“Hey, don’t I follow you on Instagram?” In 2014, on a crisp fall day, I stopped a girl in my ART 105 section outside of the library. For a few months now—since finding each other on the early admitted students Facebook page—we had been sending likes each other’s way, despite never having exchanged a word.
She enthusiastically responded: “Yes! Your name is Hannah, right?”
I followed up in a similar manner, reluctant to display my cyber-stalking tendencies. “Yeah, you’re Kelly, no?” From there, we exchanged numbers and made plans to study the ART 105 monuments list. What started as meeting up to decipher a Van Dyck from a Raphael advanced to sitting in the Retreat and splitting a peanut-butter-chip Nilda cookie together. Quickly, I realized that the people I had met—and was going to meet—at Vassar were special.
And that’s what has made my time here so remarkable: the relationships I’ve formed with professors, friends, coaches, and additional mentors on this campus. The Vassar community has both nurtured and pushed me to do better—to be a better friend, an increasingly engaged student, and a stronger athlete on and off the court. While those who know me would say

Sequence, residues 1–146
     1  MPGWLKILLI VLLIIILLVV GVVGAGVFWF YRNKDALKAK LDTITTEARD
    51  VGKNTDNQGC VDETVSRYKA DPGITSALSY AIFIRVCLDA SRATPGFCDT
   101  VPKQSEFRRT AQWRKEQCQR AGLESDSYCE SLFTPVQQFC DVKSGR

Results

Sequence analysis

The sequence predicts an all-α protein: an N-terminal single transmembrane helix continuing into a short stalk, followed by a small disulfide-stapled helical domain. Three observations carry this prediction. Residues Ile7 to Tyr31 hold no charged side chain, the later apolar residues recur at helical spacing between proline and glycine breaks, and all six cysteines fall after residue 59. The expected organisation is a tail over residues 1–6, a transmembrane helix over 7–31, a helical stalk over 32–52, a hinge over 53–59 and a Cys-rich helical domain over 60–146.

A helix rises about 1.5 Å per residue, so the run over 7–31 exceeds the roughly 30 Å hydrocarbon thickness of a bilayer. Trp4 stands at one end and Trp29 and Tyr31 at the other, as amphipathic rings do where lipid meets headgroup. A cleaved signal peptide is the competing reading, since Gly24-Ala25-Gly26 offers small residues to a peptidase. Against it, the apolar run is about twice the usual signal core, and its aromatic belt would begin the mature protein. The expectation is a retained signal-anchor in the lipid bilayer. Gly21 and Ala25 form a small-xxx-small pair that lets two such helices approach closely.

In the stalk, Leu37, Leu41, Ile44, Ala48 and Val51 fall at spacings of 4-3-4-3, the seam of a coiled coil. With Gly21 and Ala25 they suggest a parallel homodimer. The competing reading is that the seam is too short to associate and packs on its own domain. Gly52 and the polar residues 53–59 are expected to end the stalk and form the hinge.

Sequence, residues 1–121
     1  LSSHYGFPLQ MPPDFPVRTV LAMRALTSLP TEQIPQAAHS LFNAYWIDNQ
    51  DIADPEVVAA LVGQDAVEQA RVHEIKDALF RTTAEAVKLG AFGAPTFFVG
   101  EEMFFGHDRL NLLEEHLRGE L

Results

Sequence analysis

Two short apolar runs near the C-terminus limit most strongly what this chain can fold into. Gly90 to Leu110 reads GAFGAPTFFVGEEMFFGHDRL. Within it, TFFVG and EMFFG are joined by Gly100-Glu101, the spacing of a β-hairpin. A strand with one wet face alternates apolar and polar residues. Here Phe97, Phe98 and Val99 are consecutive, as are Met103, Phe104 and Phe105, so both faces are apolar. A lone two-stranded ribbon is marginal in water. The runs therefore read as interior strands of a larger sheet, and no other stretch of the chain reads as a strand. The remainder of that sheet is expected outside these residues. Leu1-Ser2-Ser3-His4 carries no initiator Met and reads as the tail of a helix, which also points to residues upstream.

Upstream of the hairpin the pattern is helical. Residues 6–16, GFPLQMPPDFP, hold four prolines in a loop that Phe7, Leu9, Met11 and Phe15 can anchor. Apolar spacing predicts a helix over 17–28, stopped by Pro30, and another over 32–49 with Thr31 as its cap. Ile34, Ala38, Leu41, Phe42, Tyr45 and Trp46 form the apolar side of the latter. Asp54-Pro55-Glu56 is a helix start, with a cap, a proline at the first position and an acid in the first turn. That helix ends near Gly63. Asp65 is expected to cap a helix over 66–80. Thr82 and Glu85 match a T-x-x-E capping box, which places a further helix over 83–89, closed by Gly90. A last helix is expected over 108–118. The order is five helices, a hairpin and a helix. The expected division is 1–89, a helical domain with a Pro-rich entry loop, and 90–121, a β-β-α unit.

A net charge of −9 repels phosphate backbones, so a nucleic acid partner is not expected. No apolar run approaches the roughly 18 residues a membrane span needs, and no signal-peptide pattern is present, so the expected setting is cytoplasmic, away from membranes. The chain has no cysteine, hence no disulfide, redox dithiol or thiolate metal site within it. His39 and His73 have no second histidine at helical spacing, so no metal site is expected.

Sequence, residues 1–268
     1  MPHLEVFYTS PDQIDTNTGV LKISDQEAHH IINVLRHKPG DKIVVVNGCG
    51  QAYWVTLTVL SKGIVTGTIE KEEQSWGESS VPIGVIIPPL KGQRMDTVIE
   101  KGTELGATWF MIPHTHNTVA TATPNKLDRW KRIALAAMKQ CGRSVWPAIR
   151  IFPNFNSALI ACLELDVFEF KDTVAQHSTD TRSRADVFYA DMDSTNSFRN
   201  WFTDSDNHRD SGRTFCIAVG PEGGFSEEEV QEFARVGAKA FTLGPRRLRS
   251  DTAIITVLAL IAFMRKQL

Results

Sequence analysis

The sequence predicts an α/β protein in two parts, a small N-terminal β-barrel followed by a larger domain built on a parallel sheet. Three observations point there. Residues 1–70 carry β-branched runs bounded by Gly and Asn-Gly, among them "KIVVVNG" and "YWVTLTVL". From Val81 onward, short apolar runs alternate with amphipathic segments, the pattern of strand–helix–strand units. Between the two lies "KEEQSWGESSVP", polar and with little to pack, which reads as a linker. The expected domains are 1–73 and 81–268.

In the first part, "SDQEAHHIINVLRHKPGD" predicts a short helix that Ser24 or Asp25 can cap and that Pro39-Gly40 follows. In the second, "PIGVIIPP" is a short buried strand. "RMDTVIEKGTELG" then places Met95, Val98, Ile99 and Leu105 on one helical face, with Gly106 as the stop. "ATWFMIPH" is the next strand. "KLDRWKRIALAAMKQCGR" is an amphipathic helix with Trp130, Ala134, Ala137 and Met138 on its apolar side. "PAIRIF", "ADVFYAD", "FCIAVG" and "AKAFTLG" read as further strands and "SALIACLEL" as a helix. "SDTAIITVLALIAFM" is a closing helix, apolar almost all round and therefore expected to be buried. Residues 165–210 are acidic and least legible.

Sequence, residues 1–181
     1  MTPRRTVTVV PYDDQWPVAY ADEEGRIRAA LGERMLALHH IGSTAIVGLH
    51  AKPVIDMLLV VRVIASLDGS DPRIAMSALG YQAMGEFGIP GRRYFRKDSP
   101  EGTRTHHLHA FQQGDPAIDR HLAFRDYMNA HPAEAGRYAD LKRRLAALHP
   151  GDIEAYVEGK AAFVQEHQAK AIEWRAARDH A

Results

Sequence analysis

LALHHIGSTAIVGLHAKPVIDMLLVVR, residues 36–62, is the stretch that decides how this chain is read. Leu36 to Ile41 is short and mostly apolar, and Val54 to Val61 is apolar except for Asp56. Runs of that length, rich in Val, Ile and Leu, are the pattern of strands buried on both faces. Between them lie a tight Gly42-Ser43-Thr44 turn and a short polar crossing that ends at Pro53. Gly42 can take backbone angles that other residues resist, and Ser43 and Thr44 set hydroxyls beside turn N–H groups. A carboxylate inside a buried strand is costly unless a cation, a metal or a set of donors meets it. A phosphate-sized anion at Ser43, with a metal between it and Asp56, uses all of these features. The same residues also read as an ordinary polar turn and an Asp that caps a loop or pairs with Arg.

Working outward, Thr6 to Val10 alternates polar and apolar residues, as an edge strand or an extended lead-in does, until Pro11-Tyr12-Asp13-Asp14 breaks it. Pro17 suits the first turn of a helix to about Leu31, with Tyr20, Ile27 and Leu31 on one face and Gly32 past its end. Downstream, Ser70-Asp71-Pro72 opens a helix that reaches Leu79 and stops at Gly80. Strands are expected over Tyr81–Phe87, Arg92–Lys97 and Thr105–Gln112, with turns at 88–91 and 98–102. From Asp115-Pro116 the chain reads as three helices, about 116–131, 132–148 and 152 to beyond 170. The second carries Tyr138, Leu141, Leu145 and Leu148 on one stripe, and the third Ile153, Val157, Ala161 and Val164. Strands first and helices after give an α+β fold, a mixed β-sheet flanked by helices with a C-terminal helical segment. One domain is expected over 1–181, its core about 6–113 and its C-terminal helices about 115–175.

that I am an incredibly hard worker, I wouldn’t be half the person I am today—four years after matriculating—if it weren’t for the amazing support systems I’ve found at the College.
From the moment I stepped foot on this campus, I felt the warmth of this community. As a prospective student, my host placed a blanket on me after watching me shiver in my sleep, the night that I stayed on a yoga mat in her closet-sized double in Jewett. But, at the same time, my experience here has not been all bright. Vassar is hard, no matter where you’re from. Classes can be tough and everyone here is incredibly talented—which fosters a richer, yet simultaneously a more challenging-to-navigate environment.
Sometimes I wonder how my experience here would have been shaped differently, if I had carried the courage I held my freshman fall into my later years. What if I had approached more people in the Deece, after class, or in Main and asked them if they wanted to meet up?
Though, at the same time, I am incredibly proud to be walking out of Vassar with the friends and mentors I know. And while I may be leaving Vassar now, I’m without a doubt carrying many of the meaningful parts of my college experience onwards.